JEAN-MARIE Le Pen is, against all odds, back in political business. As France’s major political parties agonise over whether to ban the burqa and slap a E750 ($1170) fine on the husbands of the estimated 2000 women who wear it, the 81-year-old warhorse of the far-right National Front is enjoying an unexpected “new youth” and rubbing his hands together with glee, as Liberation newspaper puts it.
Le Pen was declared all but politically dead when Nicolas Sarkozy won the presidency in 2007 on a strong anti-illegal immigration platform. The extremist leader’s sudden resurrection is thanks to the so-called hyperpresident’s personal initiative for a “noble” national debate about what it means to be French. The controversial project was launched late last year.
For Sarkozy, the debate, which is taking place in town halls and online on the official state website, offered a diversion. National outrage over his attempted promotion of his law student son Jean to a plum political post in the family’s Paris political fief of Neuilly was threatening the President’s grip on power. Commentators pointed to the coming regional elections in March, and the government’s fears of a poor showing.
But the process has been hijacked by xenophobes and is running out of control, according to figures from the President’s own centre-right UMP Party. At least one-fifth of the 50, 000 contributions to the official website were erased because of obvious racism and Muslim-bashing. As former Chirac spokesman Francois Baroin said, the debate has opened a Pandora’s box of baser instincts that can only help the National Front.
Once again France is in the grip of national angst linked to its colonial past, and its failure to integrate the children of its former colonies, many of them Muslims.
Former prime ministers Alain Juppe, Jean-Pierre Raffarin and Dominique de Villepin have deplored the debate for stigmatising migrants and especially Muslims. France has Western Europe’s largest Muslim minority population, more than 6 million. Key figures across French politics also object to a debate about national identity and the need for a minister for Immigration and National Identity. Next Monday, a group of 20 leading intellectuals will present a massive public petition calling for the abolition of the ministry that French with long memories detest for its resonance with the darkest days of collaborationist Vichy France.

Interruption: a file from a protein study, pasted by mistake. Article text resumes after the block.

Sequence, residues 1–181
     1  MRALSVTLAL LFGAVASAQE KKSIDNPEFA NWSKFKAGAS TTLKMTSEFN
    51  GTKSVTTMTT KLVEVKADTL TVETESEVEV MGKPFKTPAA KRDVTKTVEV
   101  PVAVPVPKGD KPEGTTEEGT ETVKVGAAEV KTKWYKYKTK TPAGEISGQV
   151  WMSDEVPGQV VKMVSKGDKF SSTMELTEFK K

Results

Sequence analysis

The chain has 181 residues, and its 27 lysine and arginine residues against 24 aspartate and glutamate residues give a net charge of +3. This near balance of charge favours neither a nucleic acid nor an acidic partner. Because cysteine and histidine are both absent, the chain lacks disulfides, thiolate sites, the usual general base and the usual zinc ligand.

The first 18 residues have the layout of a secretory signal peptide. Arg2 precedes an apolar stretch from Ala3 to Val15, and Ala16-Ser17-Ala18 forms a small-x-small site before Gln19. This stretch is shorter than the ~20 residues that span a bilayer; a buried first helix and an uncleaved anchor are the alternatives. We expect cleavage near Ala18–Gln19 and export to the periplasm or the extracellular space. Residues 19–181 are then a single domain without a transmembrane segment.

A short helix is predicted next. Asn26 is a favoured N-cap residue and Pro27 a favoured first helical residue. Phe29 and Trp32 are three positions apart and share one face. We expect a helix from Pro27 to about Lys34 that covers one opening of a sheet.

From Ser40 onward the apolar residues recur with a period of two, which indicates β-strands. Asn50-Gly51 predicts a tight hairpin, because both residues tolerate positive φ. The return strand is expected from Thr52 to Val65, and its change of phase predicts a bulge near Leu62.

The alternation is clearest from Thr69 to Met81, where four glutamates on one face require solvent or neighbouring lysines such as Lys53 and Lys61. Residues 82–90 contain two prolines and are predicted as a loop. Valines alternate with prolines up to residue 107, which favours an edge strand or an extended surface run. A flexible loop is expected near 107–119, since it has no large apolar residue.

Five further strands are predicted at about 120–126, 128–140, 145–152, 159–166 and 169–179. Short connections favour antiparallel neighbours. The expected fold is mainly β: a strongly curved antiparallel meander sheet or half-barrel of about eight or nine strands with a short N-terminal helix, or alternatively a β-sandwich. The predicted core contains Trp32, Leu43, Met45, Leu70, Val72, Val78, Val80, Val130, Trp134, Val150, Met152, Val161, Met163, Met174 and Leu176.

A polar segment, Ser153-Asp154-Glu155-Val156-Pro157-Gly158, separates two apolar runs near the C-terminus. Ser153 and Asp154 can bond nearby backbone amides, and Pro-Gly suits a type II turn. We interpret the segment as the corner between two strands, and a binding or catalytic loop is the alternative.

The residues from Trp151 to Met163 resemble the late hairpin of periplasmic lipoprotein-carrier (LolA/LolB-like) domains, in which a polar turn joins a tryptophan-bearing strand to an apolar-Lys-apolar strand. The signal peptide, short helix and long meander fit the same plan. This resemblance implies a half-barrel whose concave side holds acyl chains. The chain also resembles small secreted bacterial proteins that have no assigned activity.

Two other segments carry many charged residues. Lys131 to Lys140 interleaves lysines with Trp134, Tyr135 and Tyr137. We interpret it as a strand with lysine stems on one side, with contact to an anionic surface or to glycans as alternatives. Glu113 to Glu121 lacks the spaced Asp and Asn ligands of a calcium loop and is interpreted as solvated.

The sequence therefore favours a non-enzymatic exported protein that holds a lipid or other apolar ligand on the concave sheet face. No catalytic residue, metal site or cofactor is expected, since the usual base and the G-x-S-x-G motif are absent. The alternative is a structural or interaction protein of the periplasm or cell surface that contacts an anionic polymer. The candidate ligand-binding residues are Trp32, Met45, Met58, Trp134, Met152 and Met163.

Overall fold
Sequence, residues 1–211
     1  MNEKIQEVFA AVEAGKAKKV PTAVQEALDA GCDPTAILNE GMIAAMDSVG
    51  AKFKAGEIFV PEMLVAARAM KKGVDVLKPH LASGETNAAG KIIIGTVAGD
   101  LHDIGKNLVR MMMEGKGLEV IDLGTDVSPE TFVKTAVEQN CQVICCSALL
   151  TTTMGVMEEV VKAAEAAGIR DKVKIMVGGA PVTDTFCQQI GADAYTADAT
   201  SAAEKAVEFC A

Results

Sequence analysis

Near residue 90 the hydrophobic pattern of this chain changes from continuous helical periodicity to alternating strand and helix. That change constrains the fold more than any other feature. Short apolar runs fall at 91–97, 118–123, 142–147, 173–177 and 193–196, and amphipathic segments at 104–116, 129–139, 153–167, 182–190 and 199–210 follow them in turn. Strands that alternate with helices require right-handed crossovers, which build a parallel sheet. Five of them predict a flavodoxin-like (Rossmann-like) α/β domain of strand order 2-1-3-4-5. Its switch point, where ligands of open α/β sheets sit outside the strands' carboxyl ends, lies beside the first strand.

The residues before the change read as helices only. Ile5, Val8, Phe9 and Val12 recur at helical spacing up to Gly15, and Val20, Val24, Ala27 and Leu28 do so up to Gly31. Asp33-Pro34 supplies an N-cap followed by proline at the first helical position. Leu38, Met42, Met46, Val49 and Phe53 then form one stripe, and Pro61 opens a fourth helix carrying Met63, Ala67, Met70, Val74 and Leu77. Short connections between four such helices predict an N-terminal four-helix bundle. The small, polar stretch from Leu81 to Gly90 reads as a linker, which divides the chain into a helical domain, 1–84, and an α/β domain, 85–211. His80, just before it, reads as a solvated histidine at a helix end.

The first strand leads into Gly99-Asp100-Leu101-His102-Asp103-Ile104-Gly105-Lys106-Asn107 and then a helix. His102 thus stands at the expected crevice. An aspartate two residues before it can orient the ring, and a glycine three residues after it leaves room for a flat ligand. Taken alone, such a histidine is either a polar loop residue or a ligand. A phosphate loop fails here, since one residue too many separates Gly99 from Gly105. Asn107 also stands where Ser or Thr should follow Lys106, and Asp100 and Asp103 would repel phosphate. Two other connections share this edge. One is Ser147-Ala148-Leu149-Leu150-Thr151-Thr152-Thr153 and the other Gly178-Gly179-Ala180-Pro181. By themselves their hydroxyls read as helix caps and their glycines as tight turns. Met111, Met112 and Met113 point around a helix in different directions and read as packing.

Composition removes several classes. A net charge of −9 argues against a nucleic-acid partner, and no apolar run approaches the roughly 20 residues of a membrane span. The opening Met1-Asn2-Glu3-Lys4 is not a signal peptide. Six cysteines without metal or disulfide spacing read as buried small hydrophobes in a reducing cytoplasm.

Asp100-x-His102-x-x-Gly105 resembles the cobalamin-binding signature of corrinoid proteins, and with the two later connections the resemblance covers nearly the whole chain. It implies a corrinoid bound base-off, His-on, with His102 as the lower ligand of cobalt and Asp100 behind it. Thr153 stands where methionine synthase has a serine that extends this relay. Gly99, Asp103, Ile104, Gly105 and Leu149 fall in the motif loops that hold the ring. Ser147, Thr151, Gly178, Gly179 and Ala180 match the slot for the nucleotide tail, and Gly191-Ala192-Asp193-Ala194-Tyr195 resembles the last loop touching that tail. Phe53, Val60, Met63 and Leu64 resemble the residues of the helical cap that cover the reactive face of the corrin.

For Juppe, the question of what it means to be French “does not truly pose itself”. French identity is contained in “three words”, he said, citing the revolutionary slogan of liberty, equality and fraternity. With the addition of laicite (secularism and the strict separation of church and state) national identity is fully expressed. “What we should be debating is whether we are remaining faithful to our tradition of welcoming those who join us, in particular Muslims,” he said. France was a country of immigration and any process that set up Muslims against other communities was “detestable”.
Even the President seems to acknowledge the racist cat has jumped too far out of the bag. Sarkozy dumbfounded voters and commentators when his more-socialist-than-thou New Year’s “wishes” discourse failed to mention his pet subjects of immigration and national identity.
The President is playing a clever game, and has refrained from shutting down the debate, which will conclude early next month. For the moment Sarkozy is leaving the trench warfare to his over-zealous Minister for Immigration and National Identity, the former Socialist Eric Besson. Besson, the “most hated man in France” in the words of Marianne magazine, launched a PR offensive in the new year, lauding the national identity debate as a resounding success. He even released his contribution to the debate, a short book titled For The Love of the Nation, which newspaper critics ridiculed as littered with historical errors.
Besson congratulated himself for outdoing government targets for expulsion of illegal immigrants. Yesterday, however, the minister was forced on the back foot, cancelling a meeting as part of the national identity debate. He would have been confronted by Le Pen’s political heir and daughter, Marine Le Pen, in Pas-de-Calais, near where the “jungle” constructed by illegal immigrants waiting to cross the channel was controversially demolished last year.
The debate about what it means to be French couldn’t be nastier. Sarkozy’s New Year address included pleas for the French to be nicer to one another and rediscover the republican notion of fraternity.
This week Le Pen senior, recently elected to the European Parliament, delivered his New Year’s wishes. Jumping on the identity bandwagon, Le Pen declared that Frenchness was essentially about ethnicity (ie, white French). He resurrected his push for a referendum on immigration, in line with the Swiss vote against minarets. The wily Le Pen spoke triumphantly of his forthcoming memoirs and even offered a solution to the major political parties torn over the proposed ban on the burqa.
While Sarkozy’s UMP Party majority leader, Jean-Francois Cope, announced that women who wore the burqa in public would face a E750 fine, levied on their husbands who forced them to wear such garb, the Socialists said they were opposed to the burqa yet would not back a law banning it. For Le Pen there was no need for prohibition. “It is already forbidden to walk the streets and public spaces with a mask on,” he said.
As France proceeds with a debate many citizens abhor, the question of immigrant and especially Muslim integration poses itself everywhere.
The national identity debate was unexpectedly drawn into a push for education reform this week with the imperious refusal of the Grandes Ecoles, or France’s most elite colleges, to admit 30 per cent of students on scholarship, as directed by the Sarkozy administration. Their argument? That the general standard would be lowered.